starting portfolios

Before the day started, the kids took a moment to appreciate the hard work they have done in Kid City. And what better time for a school photo.

portfolios

Exposition.

portfolios

Unlike the first two phases of the arc, this one was a little bit of a mystery. What does Exposition look like? Is it different this time because it’s the first one? Can we convince the kids that reflecting and recording what they’ve done is not just a good idea but a great one?

portfolios

portfolios

So it turns out the answer is yes! Things came together like stone soup (as Mackenzie put it) and the day ended up to be a huge success. The prompt? Choose 10 pictures from the school’s Flickr account and use them to tell the story of your arc experience (quite a challenge when considering the 2,000+ photos from the last six weeks).

portfolios

We ended up with enough adults to work with the kids 2:1 and sometimes 1:1, enough computers for each duo to look at their individual journeys through Cities, and a hard-working but sometimes slow printer.

portfolios

It was astonishing to see that everyone focused and helped each other stir memories of the last six weeks of school in the Exploration and Expression phases.

portfolios

A few students took a moment to reflect by writing thank-you notes to the experts they’d seen during Exploration.

portfolios

While half the students was hard at work on their portfolios at the school, the other half went to the Potrero Community Garden with Mackenzie. In the afternoon, the groups switched.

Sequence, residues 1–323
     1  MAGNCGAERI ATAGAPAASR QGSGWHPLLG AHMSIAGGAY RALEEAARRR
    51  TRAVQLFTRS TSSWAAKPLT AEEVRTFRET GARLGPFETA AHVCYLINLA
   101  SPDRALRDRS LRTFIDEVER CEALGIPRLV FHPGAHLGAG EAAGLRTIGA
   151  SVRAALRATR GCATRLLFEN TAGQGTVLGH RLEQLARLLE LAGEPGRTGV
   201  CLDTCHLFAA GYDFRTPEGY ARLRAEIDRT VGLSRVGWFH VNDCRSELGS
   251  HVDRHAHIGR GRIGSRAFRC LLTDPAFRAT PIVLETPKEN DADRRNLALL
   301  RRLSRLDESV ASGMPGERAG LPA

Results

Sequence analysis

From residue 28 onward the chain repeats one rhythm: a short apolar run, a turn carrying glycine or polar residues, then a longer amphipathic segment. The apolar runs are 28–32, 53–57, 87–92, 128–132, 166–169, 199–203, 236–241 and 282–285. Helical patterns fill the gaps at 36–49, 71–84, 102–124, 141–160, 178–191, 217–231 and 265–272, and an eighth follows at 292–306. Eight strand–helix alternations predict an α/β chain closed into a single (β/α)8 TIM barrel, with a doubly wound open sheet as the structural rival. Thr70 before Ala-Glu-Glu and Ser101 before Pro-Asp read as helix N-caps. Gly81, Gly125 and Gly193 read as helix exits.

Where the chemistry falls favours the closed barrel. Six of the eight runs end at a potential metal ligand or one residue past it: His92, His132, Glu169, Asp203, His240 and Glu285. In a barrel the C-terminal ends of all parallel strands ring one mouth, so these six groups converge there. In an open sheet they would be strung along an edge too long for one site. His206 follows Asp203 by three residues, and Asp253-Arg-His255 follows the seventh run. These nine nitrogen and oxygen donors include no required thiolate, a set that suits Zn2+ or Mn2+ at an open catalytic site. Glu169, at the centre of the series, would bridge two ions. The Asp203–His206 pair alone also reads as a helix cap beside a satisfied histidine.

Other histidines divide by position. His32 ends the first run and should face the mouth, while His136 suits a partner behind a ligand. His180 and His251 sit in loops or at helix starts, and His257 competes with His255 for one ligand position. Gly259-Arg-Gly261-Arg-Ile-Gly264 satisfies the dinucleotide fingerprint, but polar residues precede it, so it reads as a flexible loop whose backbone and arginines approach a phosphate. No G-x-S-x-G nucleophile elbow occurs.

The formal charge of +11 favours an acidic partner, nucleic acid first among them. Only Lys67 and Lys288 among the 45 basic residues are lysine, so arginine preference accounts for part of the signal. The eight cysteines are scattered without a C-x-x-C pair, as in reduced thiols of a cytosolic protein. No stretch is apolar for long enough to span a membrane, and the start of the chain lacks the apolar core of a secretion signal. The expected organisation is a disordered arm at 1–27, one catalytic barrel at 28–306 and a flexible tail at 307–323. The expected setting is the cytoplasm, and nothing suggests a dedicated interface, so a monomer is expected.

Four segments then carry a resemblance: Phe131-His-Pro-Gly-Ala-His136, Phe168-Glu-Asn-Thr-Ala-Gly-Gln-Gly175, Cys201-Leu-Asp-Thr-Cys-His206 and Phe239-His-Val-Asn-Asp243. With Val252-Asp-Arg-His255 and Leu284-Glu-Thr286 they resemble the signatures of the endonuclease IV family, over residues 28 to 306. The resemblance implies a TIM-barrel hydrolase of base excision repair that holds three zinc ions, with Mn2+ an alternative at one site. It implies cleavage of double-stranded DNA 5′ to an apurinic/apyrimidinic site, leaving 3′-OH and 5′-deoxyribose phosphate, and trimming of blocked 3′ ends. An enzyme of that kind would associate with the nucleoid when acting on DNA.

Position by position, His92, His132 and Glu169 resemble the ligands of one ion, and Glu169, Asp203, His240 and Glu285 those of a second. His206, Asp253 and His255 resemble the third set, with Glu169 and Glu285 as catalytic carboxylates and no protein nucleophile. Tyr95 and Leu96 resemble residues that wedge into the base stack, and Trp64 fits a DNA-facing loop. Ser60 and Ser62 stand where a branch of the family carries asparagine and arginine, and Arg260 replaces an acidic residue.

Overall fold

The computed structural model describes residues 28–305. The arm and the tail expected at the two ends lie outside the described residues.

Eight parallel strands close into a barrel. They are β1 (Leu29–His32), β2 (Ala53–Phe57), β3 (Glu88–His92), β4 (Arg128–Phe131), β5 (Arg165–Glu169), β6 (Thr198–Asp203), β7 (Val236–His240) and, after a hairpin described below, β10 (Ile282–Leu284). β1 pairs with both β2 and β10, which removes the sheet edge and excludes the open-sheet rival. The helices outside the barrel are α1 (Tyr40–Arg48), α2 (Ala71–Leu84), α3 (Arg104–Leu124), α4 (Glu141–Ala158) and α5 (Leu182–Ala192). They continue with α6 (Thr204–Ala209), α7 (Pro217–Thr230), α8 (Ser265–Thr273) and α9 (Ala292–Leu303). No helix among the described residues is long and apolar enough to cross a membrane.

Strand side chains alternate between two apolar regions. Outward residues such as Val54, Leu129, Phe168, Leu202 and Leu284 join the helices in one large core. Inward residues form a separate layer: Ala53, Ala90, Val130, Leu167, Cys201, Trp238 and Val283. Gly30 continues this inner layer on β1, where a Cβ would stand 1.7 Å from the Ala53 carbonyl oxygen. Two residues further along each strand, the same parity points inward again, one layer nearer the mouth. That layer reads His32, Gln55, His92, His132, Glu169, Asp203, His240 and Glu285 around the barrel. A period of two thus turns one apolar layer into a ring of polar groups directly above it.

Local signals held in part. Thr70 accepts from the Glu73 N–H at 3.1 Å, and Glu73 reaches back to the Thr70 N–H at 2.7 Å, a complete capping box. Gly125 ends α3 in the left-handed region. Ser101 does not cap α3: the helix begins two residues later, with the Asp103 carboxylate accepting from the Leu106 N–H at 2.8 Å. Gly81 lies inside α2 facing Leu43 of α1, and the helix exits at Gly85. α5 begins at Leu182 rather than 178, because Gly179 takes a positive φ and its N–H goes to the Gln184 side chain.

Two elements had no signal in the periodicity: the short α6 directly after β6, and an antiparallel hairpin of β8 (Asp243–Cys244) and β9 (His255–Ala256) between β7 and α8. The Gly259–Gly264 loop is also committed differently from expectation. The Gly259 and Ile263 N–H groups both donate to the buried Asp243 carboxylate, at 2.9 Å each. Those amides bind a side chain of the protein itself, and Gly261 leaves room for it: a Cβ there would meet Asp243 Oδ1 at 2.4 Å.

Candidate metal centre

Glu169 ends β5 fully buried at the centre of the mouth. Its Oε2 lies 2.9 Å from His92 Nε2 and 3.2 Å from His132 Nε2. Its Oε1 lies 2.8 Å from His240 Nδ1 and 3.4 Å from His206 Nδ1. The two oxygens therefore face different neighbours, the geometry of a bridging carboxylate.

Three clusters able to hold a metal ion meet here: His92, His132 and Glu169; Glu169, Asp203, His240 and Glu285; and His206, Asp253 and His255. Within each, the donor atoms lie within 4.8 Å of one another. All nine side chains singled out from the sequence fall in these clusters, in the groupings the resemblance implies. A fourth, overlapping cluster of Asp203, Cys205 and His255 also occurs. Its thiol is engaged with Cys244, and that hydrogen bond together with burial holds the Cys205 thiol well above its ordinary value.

portfolios

portfolios

portfolios

portfolios

The kids’ mild-mannered attitudes, no complaining about switching gears into reflecting, not building… who could ask for more in a first Exposition phase?

portfolios

portfolios

garden or build

We’ve officially been in school for a whole month! We’re amazed and grateful that we’ve come this far, and so quickly. What an incredible month it’s been, too. Today Mackenzie and I took a group of kids to the Potrero Hill Community Garden (my first field trip!) while Chane and Josh took charge at the school and helped out with building projects and declaration work.

Mackenzie told a story about the Goat Lady of Potrero Hill on the snack break during the walk to the garden.

garden or build

Intrepid bug catcher.

garden or build

At the garden the kids used egg cartons marked with adjectives like “stinky,” “spiky,” “beautiful,” and “spicy” to take small samples of plants to share with the group.

garden or build

garden or build

garden or build

garden or build

garden or build

Sharing discoveries.

garden or build

garden or build

One of my favorite parts of the day: Aidan stood as still as possible amidst the swirling bees at their hive in one corner of the garden. He held a tiny blossom in his outstretched fingertips, waiting for a bee to land and collect the bounty from the flower in his hand.

garden or build

Mackenzie challenged everyone to a Sense-o-challenge where they had to smell a secret leaf or two in her hand, then find the plant in the garden where the leaves had come from.

garden or build

On the overpass going to and from the garden, the kids stopped to wave at the cars and trucks zooming under them. The drivers waved and honked back!

garden or build

The visitor of the day: Petey, Chane’s charge for the weekend and a dog with no fear of kid-handling.

garden or build

Sofia built a chair for Petey – also used for humans.

garden or build

Flopping.

garden or build

Examining the bird that the kids found on the sidewalk yesterday (yes, everyone washed hands right after holding it).

garden or build

Building a racetrack for matchbox cars.

garden or build

The tallest construction project of the day, of course, was the frame for Kid City. It’s becoming more and more clear that the spaces that each kid will get in this place are positively enormous.

garden or build

garden or build

One month in and still going strong. And so many great things to come.